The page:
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Personal Income Slips, Spending Up

Personal spending rose 0.6 percent in June, much faster than the 0.2 percent rise in personal income. Meanwhile, the personal savings rate fell to 0.2 percent, its lowest level ever, the Commerce Department said Monday.

The nation's manufacturing activity slowed in July for the second month in a row, reflecting the pinching effects of the Asian financial crisis and the General Motors strikes.

In another economic report Monday, the National Association of Purchasing Management reported that its monthly index of business activity fell to 49.1 percent last month from 49.6 percent in June.

A reading below 50 is a sign of a contraction in the industrial sector of the U.S. economy.

The 0.2 percent increase in income was the lowest since April 1997 and a lower number has not been seen since November 1994.

Disposable current income also rose 0.2 percent during the month, the government said.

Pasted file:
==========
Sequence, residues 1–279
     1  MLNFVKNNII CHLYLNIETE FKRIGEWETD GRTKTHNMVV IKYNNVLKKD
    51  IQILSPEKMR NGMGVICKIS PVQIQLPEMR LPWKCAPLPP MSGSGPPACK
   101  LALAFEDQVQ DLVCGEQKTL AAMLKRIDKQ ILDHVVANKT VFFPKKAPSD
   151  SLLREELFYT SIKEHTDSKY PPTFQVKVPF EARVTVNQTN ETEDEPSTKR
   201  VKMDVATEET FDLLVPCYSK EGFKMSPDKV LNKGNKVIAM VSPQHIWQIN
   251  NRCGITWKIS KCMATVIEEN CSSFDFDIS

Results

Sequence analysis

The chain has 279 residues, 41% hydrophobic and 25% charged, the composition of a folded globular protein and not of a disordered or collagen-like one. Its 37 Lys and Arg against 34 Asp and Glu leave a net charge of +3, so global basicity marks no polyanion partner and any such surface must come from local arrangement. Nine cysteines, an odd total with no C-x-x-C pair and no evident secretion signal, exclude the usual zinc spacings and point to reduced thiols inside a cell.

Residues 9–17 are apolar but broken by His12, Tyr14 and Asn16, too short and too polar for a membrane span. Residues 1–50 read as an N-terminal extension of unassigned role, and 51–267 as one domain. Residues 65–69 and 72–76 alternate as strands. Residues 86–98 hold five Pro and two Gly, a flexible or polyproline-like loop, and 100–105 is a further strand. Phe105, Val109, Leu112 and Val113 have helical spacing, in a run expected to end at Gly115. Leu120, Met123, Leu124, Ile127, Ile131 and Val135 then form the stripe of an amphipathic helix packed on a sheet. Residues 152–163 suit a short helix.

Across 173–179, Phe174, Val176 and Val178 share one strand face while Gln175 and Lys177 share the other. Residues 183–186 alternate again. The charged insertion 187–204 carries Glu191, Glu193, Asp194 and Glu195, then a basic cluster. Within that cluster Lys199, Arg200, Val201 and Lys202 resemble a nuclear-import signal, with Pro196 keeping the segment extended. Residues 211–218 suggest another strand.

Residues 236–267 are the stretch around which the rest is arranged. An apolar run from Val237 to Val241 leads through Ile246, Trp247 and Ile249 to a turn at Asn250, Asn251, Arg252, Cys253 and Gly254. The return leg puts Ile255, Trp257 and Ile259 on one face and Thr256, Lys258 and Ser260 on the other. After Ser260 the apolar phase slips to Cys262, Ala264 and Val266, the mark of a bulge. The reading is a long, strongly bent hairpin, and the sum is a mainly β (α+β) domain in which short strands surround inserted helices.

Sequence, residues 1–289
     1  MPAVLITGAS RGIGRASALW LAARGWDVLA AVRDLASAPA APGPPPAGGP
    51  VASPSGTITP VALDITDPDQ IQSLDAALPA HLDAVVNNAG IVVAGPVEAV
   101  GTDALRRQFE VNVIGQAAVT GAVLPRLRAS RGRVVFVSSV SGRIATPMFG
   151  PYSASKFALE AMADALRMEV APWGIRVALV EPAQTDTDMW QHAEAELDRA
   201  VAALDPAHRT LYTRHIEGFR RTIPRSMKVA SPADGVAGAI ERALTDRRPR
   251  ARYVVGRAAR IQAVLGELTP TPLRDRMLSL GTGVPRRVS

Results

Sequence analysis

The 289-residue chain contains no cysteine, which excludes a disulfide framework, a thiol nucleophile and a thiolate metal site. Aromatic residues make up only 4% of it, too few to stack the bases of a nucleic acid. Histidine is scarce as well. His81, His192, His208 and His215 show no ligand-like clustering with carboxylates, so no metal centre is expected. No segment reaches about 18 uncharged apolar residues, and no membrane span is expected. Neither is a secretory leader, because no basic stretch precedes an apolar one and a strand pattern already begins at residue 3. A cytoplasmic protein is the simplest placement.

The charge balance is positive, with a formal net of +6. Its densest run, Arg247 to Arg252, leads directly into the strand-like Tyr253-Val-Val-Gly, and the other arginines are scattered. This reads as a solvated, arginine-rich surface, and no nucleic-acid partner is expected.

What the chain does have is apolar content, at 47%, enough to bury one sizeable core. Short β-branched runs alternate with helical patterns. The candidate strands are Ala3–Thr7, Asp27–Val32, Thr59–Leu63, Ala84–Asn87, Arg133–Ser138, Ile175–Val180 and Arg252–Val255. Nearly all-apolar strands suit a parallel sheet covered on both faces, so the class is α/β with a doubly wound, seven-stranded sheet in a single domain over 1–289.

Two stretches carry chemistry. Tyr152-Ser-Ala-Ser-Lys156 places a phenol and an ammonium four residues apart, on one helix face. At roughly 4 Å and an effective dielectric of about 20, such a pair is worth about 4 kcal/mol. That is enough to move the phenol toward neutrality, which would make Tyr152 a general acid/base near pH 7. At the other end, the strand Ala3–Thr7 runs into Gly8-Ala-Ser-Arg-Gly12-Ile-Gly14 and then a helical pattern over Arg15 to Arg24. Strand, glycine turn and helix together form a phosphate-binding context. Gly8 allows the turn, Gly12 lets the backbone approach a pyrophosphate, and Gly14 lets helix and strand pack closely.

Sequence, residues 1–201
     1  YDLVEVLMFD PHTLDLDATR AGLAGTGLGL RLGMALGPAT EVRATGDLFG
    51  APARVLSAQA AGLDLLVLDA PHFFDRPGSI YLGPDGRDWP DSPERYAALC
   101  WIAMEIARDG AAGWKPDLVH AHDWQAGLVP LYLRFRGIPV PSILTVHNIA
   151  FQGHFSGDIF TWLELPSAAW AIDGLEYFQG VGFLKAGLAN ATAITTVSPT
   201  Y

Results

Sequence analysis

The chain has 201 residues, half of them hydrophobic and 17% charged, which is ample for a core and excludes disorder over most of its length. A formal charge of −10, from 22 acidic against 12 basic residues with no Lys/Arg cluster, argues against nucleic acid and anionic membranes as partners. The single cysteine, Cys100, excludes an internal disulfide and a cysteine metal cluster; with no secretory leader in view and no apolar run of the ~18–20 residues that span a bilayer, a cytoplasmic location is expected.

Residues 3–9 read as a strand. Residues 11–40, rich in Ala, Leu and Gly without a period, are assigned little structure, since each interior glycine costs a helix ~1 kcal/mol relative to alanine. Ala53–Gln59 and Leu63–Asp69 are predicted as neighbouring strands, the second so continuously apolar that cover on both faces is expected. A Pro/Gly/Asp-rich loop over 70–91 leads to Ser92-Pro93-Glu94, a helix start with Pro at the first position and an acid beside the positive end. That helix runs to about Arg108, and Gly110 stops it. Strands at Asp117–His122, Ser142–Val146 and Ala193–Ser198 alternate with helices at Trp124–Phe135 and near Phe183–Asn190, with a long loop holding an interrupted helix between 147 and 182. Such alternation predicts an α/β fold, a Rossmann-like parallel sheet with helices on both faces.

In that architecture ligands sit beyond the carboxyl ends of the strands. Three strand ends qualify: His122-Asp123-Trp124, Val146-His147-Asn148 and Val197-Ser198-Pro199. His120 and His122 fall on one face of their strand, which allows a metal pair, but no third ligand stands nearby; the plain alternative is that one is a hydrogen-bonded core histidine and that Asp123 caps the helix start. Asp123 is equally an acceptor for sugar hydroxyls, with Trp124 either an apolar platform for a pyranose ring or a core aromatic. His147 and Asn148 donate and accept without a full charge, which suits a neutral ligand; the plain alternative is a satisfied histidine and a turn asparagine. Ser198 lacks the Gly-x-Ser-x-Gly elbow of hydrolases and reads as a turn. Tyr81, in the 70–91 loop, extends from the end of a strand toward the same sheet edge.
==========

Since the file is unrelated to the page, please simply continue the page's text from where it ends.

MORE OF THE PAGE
Private economists were looking for increases of about 0.5 percent for both spending and incomes.

The report will probably not move the markets much, because most of the data was included in last Friday's report on second-quarter gross domestic product.

The government said wages and salaries rose $4.4 billion in June compared with $23.6 billion in May. The impact of the strike against General Motors was felt in a $3.8 billion decline in payrolls at goods-producing industries. The strike accounted for about $2 billion of the decline, the government said.

Distributive industries' payrolls fell $2 billion. Service industries' payrolls rose $10.2 billion.

Proprietors' income increased $3.1 billion, as did transfer payments. Personal interest income rose $1.2 billion while rental income rose $2.2 billion. Dividend income increased $200 million. The government has redefined personal dividend income to exclude capital gains distributions from mutual funds to match treatment of other capital gains income.